Within the music industry, the response is rather muted. Representatives of independent and unsigned artists want Net Neutrality in place to ensure up and coming artists have just as much access to the Internet as superstar artists backed by major labels. The RIAA supports Net Neutrality so long as the rules don’t prohibit ISPs from taking action against pirated content (should they choose to do so). read more
OK Go have been doing fine without a major label, though, and they’re not alone. Casey Rae Hunter of the Future of Music Coalition, a Washington, D.C.-based nonprofit, says there has been an explosion of independent musicians who can now reach their fans without a label or radio.
“In the old days, they would still have to navigate this pretty complex system of bottlenecks and gatekeepers to reach the fan,” Hunter says. “The Internet means that you can develop and cultivate these sort of one-on-one relationships. They can become viral, like as in the case of the amazing OK Go videos that you see on YouTube. Or it can be just a sort of like, ‘Holy crap, I’m talking to my favorite rock star on Twitter.’ “
Ten years ago, no one would have predicted that we’d mostly all be listening to music via MP3 files, CDs would be all but dead, and vinyl record sales would be up. The music industry today is morphing so fast that it’s difficult for anyone—record label owner, musician, fan—to keep up. Casey Rae-Hunter, who speaks on a panel at the Creative Alliance at the Patterson this week, works at the Future of Music Coalition. Mission: “[ensuring] a diverse musical culture where artists flourish, are compensated fairly for their work, and where fans can find the music they want.” He kindly took time out of a vacation to California last week to talk to us about payola, the looming music cloud, and Amanda Palmer.
Earlier this month, Member of Parliment Charlie Angus spoke about his campaign to help the kids of James Bay when he was a featured speaker at the Future of Music Coalition policy symposium in Washington. He was surprised to find himself on the agenda along with musicians like T Bone Burnett, but there he was – the punk rocker turned politician.
Along with speaking about the rights of musicians in the digital age, Mr. Angus said the participants wanted to hear about the plight of youth on James Bay. There was so much interest that later this week he is holding a conference call with the principals of the coalition to see what can be done to help. Although it’s early days they are looking at mentorship programs with American musicians or appearances by U.S. bands. read more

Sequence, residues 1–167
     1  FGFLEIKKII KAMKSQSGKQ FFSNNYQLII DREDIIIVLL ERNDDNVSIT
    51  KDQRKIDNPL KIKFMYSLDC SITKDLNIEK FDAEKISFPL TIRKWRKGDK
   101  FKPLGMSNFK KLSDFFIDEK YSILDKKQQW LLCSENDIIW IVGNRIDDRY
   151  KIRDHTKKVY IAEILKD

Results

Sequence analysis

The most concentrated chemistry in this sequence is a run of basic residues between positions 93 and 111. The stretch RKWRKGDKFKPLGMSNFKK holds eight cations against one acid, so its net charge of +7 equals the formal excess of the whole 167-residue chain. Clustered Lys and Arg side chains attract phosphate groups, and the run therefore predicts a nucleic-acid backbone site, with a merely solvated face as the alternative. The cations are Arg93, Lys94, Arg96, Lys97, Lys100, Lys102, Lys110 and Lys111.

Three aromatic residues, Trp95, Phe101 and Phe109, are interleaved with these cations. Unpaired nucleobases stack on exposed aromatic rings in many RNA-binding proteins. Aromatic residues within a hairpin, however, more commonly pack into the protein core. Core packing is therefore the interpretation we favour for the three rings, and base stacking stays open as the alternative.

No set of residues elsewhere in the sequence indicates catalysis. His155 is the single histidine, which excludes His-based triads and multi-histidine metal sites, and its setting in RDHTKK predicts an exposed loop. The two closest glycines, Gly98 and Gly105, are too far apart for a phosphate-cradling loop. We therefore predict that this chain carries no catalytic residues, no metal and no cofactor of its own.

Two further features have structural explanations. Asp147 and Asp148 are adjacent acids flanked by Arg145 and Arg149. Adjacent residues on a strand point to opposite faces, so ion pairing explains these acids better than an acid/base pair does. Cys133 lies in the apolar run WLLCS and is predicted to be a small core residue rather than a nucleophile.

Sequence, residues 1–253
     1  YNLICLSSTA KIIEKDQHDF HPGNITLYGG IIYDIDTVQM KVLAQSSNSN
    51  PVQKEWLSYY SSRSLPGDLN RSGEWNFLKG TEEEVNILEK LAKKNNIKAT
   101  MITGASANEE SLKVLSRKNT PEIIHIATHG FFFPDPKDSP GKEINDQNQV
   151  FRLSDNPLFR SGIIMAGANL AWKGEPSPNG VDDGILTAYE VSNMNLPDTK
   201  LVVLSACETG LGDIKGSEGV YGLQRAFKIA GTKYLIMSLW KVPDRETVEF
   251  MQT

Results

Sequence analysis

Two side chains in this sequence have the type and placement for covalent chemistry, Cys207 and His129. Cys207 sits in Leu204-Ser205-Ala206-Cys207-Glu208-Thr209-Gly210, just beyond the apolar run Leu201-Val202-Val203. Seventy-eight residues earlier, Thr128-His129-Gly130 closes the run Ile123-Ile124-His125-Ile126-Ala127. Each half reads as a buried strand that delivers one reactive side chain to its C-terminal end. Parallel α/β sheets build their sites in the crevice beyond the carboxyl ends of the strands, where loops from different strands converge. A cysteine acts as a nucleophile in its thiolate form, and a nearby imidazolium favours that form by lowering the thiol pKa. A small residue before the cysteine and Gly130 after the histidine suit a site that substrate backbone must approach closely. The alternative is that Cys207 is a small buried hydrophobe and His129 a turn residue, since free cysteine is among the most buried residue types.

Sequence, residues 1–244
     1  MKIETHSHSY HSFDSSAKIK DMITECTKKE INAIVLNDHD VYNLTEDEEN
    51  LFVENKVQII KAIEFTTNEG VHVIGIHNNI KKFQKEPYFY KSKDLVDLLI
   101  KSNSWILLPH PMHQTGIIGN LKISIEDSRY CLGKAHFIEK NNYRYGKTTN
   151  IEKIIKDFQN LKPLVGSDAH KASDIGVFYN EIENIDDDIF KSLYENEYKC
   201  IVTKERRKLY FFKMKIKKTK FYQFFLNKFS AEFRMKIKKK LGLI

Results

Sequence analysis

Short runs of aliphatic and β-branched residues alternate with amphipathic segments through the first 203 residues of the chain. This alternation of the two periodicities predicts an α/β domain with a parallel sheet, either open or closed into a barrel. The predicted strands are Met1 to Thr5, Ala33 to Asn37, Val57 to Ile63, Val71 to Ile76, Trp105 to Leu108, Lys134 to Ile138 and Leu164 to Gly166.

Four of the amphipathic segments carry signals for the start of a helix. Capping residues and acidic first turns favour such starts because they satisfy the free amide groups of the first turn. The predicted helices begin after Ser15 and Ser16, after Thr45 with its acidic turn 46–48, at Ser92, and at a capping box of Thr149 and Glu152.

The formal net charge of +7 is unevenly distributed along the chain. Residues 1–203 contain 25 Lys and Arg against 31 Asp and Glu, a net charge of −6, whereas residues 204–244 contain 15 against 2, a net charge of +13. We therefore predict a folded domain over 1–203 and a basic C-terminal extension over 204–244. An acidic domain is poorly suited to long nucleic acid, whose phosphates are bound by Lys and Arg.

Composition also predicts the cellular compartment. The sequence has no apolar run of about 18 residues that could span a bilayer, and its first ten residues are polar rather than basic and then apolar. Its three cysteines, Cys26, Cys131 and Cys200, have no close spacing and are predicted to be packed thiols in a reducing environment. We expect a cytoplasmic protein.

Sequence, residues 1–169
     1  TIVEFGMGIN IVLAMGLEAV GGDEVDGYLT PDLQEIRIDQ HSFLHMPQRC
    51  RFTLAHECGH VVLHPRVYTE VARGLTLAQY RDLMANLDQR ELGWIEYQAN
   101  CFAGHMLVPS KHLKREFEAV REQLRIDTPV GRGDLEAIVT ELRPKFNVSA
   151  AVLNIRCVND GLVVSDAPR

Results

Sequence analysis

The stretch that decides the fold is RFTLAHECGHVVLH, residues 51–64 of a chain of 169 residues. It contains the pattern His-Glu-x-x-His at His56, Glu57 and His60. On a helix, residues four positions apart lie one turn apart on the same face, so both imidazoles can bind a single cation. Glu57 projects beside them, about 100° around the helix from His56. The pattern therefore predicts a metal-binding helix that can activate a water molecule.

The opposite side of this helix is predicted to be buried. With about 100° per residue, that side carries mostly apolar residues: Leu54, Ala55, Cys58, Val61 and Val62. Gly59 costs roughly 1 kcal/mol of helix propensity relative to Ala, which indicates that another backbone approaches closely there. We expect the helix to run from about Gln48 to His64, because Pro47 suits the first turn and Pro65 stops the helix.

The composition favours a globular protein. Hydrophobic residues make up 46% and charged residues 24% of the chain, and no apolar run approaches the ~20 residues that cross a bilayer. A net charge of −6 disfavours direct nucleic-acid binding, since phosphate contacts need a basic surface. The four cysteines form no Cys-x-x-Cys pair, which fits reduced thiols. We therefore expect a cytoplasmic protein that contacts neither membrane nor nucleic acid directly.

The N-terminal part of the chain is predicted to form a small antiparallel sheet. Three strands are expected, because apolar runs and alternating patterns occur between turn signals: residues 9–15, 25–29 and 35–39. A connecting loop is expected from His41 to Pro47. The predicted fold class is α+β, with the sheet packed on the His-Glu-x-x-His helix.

The 10th Annual Future of Music Coalition’s Policy Summit wrapped up in Washington, DC, last Tuesday (it ran Oct. 3-5; official website here) with some insight from OK Go front man Damian Kulash on net neutrality and the changing landscape of the music industry. In conversation with Neda Ulaby of NPR in Lohrfink Auditorium on the campus of Georgetown University, Kulash discussed net neutrality, the role of “gatekeepers,” and his band’s inventive videos. read more
T-Bone Burnett says new artists who decide to keep their recorded music off the interwebs could be making the smartest move they’ll ever make as a a musician.
In the past, the veteran musician, songwriter and producer has been a scathing critic of the music industry - but this week he turned his fire on new media and digital sound quality in a splendidly entertaining Q&A at an industry conference on Monday.
“Don’t be on Facebook, don’t be on MySpace. You know why? Because as soon as you’re on MySpace, you’re one of six million,” he told interviewer Greg Kot at the FMC conference. “Have nothing to do with it,” he advised.
America’s Intellectual Property Enforcement Coordinator - or Copyright Czar as she is often dubbed - Victoria Espinel, did a spot at the Future Of Music Policy Summit in Washington earlier this week and, according to the Chicago Tribune, confirmed that work was already underway in US government circles to persuade internet service providers Stateside to play a more proactive role in policing piracy. She didn’t talk about three-strikes, but it’s what she meant. read more
October 6, 2010: FCC Media Bureau Audio Division Chief Peter Doyle said at the Future of Music Coalition’s Policy Summit this week in Washington, DC, that only “about 150 stations” have notified the FCC of their interest in increasing power for their HD Radio signals.
The Media Bureau in January adopted an order that allows most stations to increase their HD power levels by 6db with a simple notification to the commission. HD Radio developer iBiquity Digital, with the support of broadcasters, requested the increase in 2008; HD stations had previously been allowed to broadcast at a maximum of 1 percent of analog power.
Doyle said he was disappointed by the slow response but hoped the number would increase over time.
The Future of Music Coalition aims to give a voice to local music scenes like Portsmouth’s.
The Future of Music Coalition recently celebrated 10 years of work preserving the rights of local musicians and music scenes—such as those found right here on the Seacoast—during a three-day event in Washington, D.C.read more